Payouts to departing federal political staff cost $30M since 2006

The Conservative government has shelled out more than $30 million in severance and separation payments to departing political staffers since 2006, according to documents filed in the House of Commons.

Privy Council Office, Industry and Foreign Affairs spent most on severance, separation payments

Severance pay for politically exempt staff within ministers' office must be paid out according to guidelines set by the Treasury Board, headed by Tony Clement, but separation payouts are at the discretion of the ministers within Treasury Board limits. (Sean Kilpatrick/Canadian Press)

The Conservative government has shelled out more than $30 million in severance and separation payments to departing political staffers since 2006, according to documents filed in the House of Commons last week in response to a written query from Liberal MP Rodger Cuzner.

Topping the list for payouts is the Privy Council Office, which lists more than $5 million in combined severance and separation pay, followed by Industry and Foreign Affairs, at just over $2.2 million each. The Privy Council Office is the federal office the supports the prime minister and cabinet.

At the other end of the scale, the Office of the Co-ordinator of Status of Women has paid out just $4,400 in severance, and no separation pay since 2006.

The numbers are broken down by department, and cover the full eight-year period starting in April 2006. Cuzner's request for a month-by-month tally was rejected due to "privacy considerations." As a result, it's not possible to tell how much of the $30-million total may have been paid to former Liberal staffers who left when the Conservatives first took power in early 2006.

Under Treasury Board rules, ministerial offices must pay severance, with the current formula set at two weeks for every year of service — money that, in some cases, has to be returned if the employee is re-hired within 30 days of termination, either by their former minister in a new portfolio, the new minister in their existing portfolio or a different minister entirely.

Separation pay, on the other hand, is discretionary, although the minister can authorize no more than four months pay for service of less than four years, and no more than six months for service longer than four years. In certain circumstances, those payments must also be paid back if the former staffer finds work within the period covered by the severance pay.

A spokeswoman for Treasury Board President Tony Clement told CBC News that the rules and practices for severance and separation pay "are similar to those for MPs' and Senators' aides, as well as those in the Office of the Leader of the Opposition."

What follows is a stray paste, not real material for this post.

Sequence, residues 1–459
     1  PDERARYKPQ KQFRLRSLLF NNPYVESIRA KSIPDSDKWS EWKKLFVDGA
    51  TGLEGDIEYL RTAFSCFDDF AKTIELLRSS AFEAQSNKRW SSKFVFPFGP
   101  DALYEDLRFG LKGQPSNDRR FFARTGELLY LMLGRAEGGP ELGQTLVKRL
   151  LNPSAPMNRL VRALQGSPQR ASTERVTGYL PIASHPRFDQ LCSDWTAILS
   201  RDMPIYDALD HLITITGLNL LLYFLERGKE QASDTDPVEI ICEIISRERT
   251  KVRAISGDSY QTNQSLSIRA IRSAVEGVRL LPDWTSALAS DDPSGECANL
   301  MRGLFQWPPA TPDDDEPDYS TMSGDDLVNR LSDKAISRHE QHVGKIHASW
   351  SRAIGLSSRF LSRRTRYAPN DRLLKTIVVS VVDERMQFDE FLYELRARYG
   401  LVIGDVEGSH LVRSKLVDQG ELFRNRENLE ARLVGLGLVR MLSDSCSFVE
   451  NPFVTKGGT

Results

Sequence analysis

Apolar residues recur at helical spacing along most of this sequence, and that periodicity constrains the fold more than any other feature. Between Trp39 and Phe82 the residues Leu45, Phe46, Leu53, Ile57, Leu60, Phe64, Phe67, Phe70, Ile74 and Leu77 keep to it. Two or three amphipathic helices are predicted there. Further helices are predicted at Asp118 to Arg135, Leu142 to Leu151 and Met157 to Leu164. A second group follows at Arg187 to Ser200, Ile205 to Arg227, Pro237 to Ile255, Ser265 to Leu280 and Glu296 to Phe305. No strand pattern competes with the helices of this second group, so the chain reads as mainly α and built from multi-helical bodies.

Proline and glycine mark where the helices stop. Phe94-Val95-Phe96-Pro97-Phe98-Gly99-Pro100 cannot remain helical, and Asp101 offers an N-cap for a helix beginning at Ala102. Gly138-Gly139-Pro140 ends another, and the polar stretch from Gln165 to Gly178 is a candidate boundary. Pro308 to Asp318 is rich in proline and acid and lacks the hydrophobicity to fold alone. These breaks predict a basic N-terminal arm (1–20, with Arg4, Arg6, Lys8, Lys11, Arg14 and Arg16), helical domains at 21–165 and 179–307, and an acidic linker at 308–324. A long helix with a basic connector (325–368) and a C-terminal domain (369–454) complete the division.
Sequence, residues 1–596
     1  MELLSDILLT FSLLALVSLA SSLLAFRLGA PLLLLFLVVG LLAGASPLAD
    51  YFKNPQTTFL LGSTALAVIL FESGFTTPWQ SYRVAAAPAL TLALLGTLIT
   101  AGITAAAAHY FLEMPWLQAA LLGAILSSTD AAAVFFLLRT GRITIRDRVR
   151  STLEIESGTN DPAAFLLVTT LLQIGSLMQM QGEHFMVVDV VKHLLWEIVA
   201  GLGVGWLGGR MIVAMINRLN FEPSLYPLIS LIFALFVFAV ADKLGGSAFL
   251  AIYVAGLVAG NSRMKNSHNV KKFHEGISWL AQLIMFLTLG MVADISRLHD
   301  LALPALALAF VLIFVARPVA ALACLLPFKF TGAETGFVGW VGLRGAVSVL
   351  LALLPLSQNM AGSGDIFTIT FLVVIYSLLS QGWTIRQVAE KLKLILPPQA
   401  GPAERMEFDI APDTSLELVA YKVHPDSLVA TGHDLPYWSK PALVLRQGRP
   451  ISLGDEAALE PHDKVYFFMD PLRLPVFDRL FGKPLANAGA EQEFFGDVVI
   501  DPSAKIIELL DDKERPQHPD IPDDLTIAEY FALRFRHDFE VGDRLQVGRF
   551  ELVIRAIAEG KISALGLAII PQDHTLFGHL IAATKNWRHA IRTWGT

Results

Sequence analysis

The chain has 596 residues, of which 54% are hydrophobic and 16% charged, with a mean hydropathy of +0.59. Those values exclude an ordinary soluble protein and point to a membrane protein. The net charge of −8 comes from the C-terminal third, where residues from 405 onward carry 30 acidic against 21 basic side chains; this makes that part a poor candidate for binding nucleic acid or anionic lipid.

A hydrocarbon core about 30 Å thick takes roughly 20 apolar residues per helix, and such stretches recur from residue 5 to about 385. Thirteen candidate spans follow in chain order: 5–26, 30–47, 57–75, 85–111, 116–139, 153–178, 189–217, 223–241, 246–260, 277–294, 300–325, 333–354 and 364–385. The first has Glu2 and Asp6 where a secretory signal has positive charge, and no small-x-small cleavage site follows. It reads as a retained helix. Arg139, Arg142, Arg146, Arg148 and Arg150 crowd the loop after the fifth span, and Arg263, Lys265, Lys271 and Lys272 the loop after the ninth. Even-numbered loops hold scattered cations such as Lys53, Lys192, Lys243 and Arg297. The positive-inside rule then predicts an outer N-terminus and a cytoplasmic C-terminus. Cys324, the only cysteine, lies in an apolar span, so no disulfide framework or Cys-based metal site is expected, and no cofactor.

"Separation pay may also be paid at the discretion of the minister to compensate for possible loss of earnings resulting from unpredictable or abrupt termination of employment," said Heather Domereckyj.

Foreign Affairs, Human Resources, Industry and Privy Council Office are the only departments to spend more than $1 million on separation pay.

As Domereckyj points out, however, the PCO total covers several offices, including the Prime Minister's Office, the Government House Leader and Whip offices, and several ministers of states' offices.

That's also the case for Foreign Affairs and Industry.

For his part, Cuzner says the lack of breakdowns makes it difficult to analyze the information, adding his party plans to file a few follow-up queries to try to narrow down the costs.

"From 2006 on, we don't know if there are long-time Liberal staffers," he points out. But he agrees that $30 million is a significant amount.

"We're going to try to get that information, and see what kind of analysis we can do."

Although Cuzner was hoping for monthly data, even yearly data would allow them to "connect some dots."

The next batch of questions should be on the Order Paper when MPs return later this month, at which point the government will have 45 days to reply.

In 2012, Clement spearheaded a move to phase out severance payments for public servants who quit or retire — a change that he claimed would ultimately save the government $500 million annually, but which could cost as much as $6 billion in one-time payments before coming into force. 

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  • This story has been edited from an earlier version that incorrectly stated that Status of Women had paid out $44,000 in severance pay. In fact, the office has paid out $4,400 since 2006.
    Apr 14, 2014 3:40 PM ET

About the Author

Kady O'Malley

Kady O'Malley covered Parliament Hill for CBC News until June, 2015.

with files from James Fitz-Morris